• Do you find that many project tasks are stuck in the system waiting for completion?
• Do you find that your team is constantly engaged in battles for resources?
• That you can’t get attention from functional or support teams on critical project tasks?

Every “yes” answer represents an opportunity for improvement.

This is the end of our newest ebook, Visualizing Projects. Do you want to learn more? Download the full ebook here.

Learn more about Visual Project Management and join the discussion on LinkedIn by joining the Visual Project Management group.

Schedule a Consultation

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Multi-tasking: the dark art of doing many things…poorly.

Every time an engineer, a designer, an operator – or anybody – has to switch from one task to another, valuable time is lost. When the former task is resumed, more time is absorbed coming back to speed or reconstructing the necessary tooling. On either end, the focus that makes work both efficient and rewarding is lost.

When any given row has a disproportionate number of green tags (for work in progress), it’s clear that real productivity has been sacrificed to inefficient multitasking. With a quick team conversation, managers and team members can redistribute the load to restore focus to the project.

We find that, in general, most project organizations have at least 50% more capacity than they actually need. But their capacity is lost primarily through the stopping and starting, the working out of sequence, the waiting, the set-up times – all of that comes out of not seeing where we are

When work is released at the right time, tasks move efficiently through the process steps.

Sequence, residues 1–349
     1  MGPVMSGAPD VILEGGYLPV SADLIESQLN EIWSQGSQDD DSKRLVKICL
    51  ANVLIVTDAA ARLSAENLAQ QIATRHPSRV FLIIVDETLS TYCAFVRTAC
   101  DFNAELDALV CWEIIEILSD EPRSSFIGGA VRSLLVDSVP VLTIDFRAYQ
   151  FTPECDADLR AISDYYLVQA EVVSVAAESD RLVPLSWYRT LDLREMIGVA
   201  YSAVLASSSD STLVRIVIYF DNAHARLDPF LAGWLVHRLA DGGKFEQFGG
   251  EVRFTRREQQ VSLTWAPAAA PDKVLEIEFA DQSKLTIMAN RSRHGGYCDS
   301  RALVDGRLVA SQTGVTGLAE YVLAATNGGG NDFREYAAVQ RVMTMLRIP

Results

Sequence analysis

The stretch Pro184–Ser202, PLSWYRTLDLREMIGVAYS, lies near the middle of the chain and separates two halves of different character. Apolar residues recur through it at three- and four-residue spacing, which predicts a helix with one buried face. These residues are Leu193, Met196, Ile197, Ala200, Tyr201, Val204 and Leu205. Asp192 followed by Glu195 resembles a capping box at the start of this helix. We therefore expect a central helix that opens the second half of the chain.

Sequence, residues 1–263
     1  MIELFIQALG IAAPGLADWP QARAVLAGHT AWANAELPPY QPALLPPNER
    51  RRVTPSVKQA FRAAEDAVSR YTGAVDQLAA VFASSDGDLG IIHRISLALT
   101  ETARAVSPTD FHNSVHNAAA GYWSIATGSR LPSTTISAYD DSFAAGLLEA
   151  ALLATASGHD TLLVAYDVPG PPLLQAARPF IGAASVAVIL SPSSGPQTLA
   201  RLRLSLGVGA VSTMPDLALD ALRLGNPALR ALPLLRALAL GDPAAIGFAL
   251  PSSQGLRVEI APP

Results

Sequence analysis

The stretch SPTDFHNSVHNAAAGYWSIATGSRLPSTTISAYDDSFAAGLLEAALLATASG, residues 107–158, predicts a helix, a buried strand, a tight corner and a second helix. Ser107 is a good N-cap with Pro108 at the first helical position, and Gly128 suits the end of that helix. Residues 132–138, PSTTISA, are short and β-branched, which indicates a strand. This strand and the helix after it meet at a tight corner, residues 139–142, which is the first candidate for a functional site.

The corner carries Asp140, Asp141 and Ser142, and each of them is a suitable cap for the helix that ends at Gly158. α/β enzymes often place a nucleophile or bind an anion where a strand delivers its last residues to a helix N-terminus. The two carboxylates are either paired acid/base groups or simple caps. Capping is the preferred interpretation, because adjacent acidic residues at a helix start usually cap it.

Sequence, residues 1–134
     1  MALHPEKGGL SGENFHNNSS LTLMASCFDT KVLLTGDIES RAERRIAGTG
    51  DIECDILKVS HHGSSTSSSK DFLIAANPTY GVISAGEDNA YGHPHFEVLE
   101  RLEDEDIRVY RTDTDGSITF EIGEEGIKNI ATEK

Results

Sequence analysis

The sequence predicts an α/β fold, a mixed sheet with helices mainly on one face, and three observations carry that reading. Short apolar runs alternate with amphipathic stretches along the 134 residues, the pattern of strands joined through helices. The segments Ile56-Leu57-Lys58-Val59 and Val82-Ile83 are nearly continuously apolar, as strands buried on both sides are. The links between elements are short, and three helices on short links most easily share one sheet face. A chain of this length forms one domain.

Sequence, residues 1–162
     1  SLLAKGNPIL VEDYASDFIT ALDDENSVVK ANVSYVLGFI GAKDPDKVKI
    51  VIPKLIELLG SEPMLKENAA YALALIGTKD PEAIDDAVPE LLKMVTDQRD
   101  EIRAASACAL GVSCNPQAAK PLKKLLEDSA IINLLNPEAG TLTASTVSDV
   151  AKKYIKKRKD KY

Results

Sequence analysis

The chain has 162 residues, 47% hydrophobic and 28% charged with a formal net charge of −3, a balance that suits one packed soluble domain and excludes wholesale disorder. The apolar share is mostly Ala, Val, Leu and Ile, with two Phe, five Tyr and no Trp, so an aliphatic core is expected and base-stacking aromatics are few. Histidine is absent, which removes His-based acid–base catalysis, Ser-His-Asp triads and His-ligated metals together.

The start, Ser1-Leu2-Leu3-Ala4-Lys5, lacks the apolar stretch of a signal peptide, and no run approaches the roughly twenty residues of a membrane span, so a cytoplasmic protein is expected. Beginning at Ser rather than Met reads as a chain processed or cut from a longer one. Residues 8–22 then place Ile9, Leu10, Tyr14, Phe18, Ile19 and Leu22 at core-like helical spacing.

Full kit: projects start only when they can be finished

It’s just common sense: the sooner you begin, the sooner you finish, right?
Wrong. When projects begin without their “full kit” – the complete set of approved designs, drawings, tools, parts, etc. – they become subject to fits and starts. Multitasking increases and, worse, a greater proportion of the project becomes subject to re-work and re-tooling as the designs and other components come into the process sequence.

EPP_VPB

A “full kit” commitment restricts work release until all the pieces are in place. On the visual project board, the full kit can be seen at the extremes of the board:

Beginning: Note the column to the far left on the image above , “TBR” or “To Be Released.” Here, the manager can track the assembly of the kit, tag by tag, and restrict releases to tasks those with full kits.

End: The figure above captures the visual project board for a major petroleum company. Each row represents a different oil rig; each column, a necessary step to preparing the rigs for a maintenance overhaul. To fulfill the overhauls, the rigs must be shut down, which is both time-consuming and expensive. For efficiency’s sake, the company wants to minimize the number of shut-downs; complete oil rig task preparations are deliberately allowed to accumulate at the end of the board, so that the oil company can execute multiple maintenance operations while the rig is put off-line.

This is chapter nine and ten of our newest ebook, Visualizing Projects. Do you want to learn more? Download the full ebook here.

Learn more about Visual Project Management and join the discussion on LinkedIn by joining the Visual Project Management group.

Schedule a Consultation

Click Here

Multi-tasking: the dark art of doing many things…poorly.